Here are a few other interesting facts that have been noted in connection with this question:
There is evidence that Columbus spoke Spanish while still living in Italy, an unusual situation unless his family had originated in Spain. Spanish-speaking Jewish refugees from the Inquisition were numerous in the Genoa area.
The form "Colón" which Columbus adopted as the Spanish equivalent of his last name was not the expected form (which would have been"Colom" or "Colombo"). It was however a common Jewish variation on the name.
Columbus was known to frequent the company of Jews and former Jews, among whom were some noted astronomers and navigators, as well as his official translator. Marranos (another term for Jews forced to convert) figured prominently among Columbus's backers and crew. Throughout his life he demonstrated a keen knowledge of the Bible and the geography of the Holy Land.
Columbus began the official report of his first voyage to America, addressed to Ferdinand and Isabella, with the following words: "And thus, having expelled all the Jews from all your kingdoms and dominions, in the month of January, Your Highnesses commanded me that...I should go to the said parts of India." This is a strange fact to mention in this context, and it is not even correct: The order of expulsion was not signed until March 31st.
The fact that the expulsion of Spanish Jewry and Columbus' voyage coincided is telling. Even when Columbus was scheduled to set sail on August 3rd, he insisted that his entire crew be ready on board a full day earlier. August 2nd 1492 was the day that had been ordained for the last Jews of Spain to depart the country. Hundreds of thousands of Jews were departed from Spain on that dark day.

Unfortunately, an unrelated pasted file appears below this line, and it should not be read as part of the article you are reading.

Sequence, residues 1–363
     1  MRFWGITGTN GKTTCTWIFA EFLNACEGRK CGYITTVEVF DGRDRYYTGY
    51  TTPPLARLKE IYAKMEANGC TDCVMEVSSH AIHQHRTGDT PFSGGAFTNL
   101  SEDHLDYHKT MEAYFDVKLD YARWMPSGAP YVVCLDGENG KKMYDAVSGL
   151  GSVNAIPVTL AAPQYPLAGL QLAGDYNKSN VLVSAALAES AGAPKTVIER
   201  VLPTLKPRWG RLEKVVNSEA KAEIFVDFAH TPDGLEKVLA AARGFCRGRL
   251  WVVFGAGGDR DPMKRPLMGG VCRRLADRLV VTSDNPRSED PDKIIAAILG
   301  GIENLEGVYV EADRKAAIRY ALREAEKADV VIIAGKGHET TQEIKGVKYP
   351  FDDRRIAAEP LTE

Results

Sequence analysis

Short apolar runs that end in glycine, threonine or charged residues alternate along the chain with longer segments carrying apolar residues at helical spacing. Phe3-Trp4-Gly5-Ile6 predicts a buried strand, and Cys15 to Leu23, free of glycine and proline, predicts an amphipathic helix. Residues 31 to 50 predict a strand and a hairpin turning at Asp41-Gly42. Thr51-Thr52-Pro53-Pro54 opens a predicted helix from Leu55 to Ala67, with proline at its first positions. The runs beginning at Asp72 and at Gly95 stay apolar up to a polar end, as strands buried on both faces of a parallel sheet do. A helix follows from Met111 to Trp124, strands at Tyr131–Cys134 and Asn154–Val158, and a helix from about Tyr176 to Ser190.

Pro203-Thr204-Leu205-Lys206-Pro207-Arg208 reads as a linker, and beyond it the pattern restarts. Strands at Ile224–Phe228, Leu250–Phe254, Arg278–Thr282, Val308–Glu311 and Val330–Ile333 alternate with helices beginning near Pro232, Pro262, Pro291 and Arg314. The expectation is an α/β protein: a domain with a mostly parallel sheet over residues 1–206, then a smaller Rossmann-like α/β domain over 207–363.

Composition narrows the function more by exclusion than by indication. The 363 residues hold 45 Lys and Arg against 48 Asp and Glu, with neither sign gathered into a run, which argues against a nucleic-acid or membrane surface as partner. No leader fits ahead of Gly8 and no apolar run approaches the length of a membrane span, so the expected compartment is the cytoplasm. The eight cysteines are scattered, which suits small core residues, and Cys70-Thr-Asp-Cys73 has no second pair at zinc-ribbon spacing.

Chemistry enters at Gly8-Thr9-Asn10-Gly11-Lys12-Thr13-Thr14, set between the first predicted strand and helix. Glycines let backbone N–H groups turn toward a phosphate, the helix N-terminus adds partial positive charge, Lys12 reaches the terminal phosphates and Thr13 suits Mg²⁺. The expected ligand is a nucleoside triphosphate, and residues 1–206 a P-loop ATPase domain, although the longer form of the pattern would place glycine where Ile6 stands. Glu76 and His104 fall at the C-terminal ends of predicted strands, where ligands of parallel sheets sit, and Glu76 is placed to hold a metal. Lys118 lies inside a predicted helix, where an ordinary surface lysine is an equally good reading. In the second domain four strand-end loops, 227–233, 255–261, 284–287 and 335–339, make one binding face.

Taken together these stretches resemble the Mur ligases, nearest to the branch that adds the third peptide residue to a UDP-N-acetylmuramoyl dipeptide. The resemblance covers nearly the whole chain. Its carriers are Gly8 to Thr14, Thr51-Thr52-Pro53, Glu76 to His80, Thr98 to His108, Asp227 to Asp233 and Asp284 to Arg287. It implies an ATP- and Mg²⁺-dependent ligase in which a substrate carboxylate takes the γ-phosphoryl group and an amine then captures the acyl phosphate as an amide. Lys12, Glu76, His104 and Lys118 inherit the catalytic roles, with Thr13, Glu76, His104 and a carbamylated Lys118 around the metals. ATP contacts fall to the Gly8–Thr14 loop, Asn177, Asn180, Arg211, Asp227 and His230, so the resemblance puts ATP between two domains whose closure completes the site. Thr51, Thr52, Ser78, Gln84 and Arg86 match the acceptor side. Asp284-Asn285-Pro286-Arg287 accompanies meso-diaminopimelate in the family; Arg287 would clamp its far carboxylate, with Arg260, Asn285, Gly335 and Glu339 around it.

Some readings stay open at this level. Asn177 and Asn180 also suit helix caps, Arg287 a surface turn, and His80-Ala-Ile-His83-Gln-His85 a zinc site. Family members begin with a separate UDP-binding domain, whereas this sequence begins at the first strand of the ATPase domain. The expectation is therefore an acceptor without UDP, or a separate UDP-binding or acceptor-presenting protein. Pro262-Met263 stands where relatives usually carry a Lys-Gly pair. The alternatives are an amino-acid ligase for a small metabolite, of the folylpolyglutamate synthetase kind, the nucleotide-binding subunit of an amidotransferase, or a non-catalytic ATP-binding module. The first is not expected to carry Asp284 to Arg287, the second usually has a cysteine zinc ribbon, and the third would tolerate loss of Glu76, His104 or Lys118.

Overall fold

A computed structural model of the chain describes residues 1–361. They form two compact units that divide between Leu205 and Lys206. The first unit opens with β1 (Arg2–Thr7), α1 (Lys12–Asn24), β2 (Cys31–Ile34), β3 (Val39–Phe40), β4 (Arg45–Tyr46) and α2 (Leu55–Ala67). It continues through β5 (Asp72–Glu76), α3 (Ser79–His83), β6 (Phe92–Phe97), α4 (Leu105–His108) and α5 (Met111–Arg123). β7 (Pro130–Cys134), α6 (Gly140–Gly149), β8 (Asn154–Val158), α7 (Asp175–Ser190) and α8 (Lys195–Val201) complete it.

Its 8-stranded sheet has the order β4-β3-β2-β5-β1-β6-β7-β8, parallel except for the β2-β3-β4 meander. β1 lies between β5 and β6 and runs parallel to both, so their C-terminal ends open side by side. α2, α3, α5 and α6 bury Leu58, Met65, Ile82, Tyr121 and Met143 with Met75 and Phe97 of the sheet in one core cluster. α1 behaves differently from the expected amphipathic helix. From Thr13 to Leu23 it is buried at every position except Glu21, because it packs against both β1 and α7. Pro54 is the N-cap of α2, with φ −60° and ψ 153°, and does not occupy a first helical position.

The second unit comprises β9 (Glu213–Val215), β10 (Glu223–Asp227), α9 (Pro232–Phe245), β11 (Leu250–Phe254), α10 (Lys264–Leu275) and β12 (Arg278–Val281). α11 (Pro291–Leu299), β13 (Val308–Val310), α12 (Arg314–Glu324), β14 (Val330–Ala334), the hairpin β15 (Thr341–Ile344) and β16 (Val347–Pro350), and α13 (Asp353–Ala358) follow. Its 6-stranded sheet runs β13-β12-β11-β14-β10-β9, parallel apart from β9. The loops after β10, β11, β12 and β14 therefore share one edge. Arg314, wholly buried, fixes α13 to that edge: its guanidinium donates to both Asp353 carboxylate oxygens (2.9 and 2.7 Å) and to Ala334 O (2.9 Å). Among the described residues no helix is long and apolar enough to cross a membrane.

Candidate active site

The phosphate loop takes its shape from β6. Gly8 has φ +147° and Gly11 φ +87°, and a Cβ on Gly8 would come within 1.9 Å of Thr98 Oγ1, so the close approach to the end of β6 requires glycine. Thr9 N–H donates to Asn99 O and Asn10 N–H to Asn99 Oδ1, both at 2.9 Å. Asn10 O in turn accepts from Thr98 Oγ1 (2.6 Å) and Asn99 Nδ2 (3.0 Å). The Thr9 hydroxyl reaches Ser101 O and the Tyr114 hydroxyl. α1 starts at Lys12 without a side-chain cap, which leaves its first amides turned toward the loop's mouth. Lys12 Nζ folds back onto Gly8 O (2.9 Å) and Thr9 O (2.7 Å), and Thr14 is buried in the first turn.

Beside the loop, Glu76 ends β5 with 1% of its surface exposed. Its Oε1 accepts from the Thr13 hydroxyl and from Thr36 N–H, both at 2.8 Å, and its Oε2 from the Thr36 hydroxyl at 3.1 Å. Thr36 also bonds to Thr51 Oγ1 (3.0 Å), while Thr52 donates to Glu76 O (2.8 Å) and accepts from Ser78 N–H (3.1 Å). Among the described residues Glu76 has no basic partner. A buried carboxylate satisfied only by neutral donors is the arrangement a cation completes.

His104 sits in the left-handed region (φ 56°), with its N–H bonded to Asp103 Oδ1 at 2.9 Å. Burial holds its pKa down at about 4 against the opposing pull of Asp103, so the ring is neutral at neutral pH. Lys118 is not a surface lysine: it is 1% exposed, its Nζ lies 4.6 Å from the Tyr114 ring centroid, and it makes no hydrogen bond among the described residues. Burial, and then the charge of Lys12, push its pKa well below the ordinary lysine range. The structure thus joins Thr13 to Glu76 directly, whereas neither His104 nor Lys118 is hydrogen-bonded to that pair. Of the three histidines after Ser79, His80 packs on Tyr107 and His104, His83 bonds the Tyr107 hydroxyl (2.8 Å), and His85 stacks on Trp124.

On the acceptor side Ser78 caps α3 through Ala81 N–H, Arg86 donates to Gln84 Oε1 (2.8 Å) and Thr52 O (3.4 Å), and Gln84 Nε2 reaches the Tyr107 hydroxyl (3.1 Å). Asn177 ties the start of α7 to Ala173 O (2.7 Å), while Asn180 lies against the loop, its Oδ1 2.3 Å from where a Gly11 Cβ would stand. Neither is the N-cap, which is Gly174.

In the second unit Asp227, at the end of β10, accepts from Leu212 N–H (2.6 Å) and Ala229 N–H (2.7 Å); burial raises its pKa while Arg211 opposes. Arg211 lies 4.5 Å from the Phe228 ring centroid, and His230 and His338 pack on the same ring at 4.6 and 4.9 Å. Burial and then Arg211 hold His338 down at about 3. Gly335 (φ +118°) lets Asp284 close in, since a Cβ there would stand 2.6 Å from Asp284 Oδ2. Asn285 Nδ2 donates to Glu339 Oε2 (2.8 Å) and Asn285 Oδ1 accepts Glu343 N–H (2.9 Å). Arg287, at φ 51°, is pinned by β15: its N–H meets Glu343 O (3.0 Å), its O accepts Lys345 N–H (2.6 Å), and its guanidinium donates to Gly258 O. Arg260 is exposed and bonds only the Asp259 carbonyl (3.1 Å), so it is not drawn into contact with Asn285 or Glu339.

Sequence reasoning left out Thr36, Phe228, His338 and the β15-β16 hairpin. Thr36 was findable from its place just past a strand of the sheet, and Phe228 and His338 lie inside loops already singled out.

When this coincidence of dates was first noted by the Spanish biographer S. de Madariaga, the English Jewish historian Cecil Roth also commented on the "coincidence" August 2nd 1492 coinciding with Tisha B'av, the Jewish fast of mourning. It was as if Columbus had arranged to remain on board ship for that ill-omened day, and to depart only afterwards.
*** Columbus discussed particular dates and phrases unique to Hebrew people. When writing about the fall of Jerusalem, he said "the destruction of the second house," referring to the Temple. Christians don't make this reference. Also Columbus used the phrase in the literal translation the Hebrew..."Bayit" This is the Hebrew word for house.
He also employed the Hebrew reckoning of 68 a.d. instead of 70 a.d.
Columbus is said to have used a unique triangular signature similar to inscriptions found on gravestones of Jewish cemeteries in Spain and South France.
And perhaps most importantly, in the upper left corner of his letters to his son Diego, was the Hebrew letters "Bet Hey", which stand for the Hebrew blessing "Be Ezrat Ha Shem," or "with G-d's help."
The case for Columbus's Jewish origins is not presented solely by Jews. The consensus of Spanish and Vatican historians seems to be for the position, while that of Italian historians is against it. Weird, no?
Italian historians assert that Cristoforo Colombo was born in Liguria. There position is that his father, Domenico Colombo, was a tower sentinel in Genoa and later a weaver in Savona.
Spanish historians insist that Cristobal Colon was the son of Domingo Colon, a wool trader, and Susanna Fontanarossa, both of Pontevedra, Spain.
We may never know for sure. One thing for sure, he was not the first to discover America. Otherwise we would be the United States of Columbus.